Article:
We are Tom and Inge. Tom is working as a Teaching Fellow in Digital Media and Culture at the Department of Digital Humanities of King’s College London. Inge is an Assistant Professor in Online Culture at Tilburg University, and currently a Junior Core Fellow at the Institute for Advanced Study in Budapest.
Whereas Inge’s current research project engages with reading in a digital age, and Tom is working at the intersections of travel and technology, a related, broader interest in our research and teaching concerns the re-valuation of hermeneutics in the face of big data, computational approaches, and all kinds of anti- and post-hermeneutic tendencies in the humanities and social sciences. Digital Hermeneutics aims to bring together hermeneutic and critical theories on the one hand, and recently developed methods in the Digital Humanities on the other.
Our materials have been developed on the basis of courses we designed and taught in the last three years at Tilburg University, Shanghai International Studies University, the University of Copenhagen, UC Berkeley, and King’s College London. In these teaching experiences, we found that computational methods and critical reflection do not automatically converge. The moment you start introducing DH methods, students get excited and everything they have yet learned about formulating a good research question and theoretical or interpretative framework goes out of the window. Big data is cool, and we tend to think it speaks for itself.
To counteract this, we believe that Digital Humanities (DH) approaches should be integrated into the foundation of humanities education, instead of being offered as an optional skills module. A question that concerns us is: how can we assess the status and value of interpretation in the Humanities today?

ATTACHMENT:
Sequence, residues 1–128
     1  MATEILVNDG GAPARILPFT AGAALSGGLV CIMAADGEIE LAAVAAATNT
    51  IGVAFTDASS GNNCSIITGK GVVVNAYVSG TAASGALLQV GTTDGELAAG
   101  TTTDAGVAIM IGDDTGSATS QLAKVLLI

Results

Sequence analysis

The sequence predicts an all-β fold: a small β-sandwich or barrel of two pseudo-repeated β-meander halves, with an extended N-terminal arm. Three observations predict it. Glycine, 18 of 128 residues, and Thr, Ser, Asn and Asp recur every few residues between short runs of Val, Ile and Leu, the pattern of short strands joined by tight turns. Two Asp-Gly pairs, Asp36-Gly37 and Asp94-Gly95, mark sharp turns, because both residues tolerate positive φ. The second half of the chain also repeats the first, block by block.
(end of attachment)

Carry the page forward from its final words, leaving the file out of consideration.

Increasingly in the last decades, scholars have written about the limits of interpretation, and in some cases implied that it is something that can be overcome. One could think of a range of different forms of post- and anti-hermeneutic criticism such as media archaeology (Ernst, Kittler; Flusser; Parikka); speculative realism and object-oriented ontology (Bryant; Harman; Meillassoux); surface reading (Best and Marcus; Sedgwick; Sontag), and quantitative formalism (Moretti; Allison et al.). Recent forms of ‘distant reading’ in Digital Humanities, experiments in machine reading, critiques of historicism, and narratives of the ‘turn away from the linguistic turn,’ all present important alternatives to the practice of interpreting individual texts and objects.
We aim to reevaluate, and revalue, our rich hermeneutic tradition by bringing it into dialogue with material or quantitative approaches. How do digital media resist or problematize hermeneutic approaches, and can we adapt our interpretative toolkits to such objects? Framed by these concerns and questions, we design and teach courses, organize events, and publish articles. Currently, we are working on a project entitled Encountering Authenticity: Towards an Onto-Epistemology of Authentic Experiences.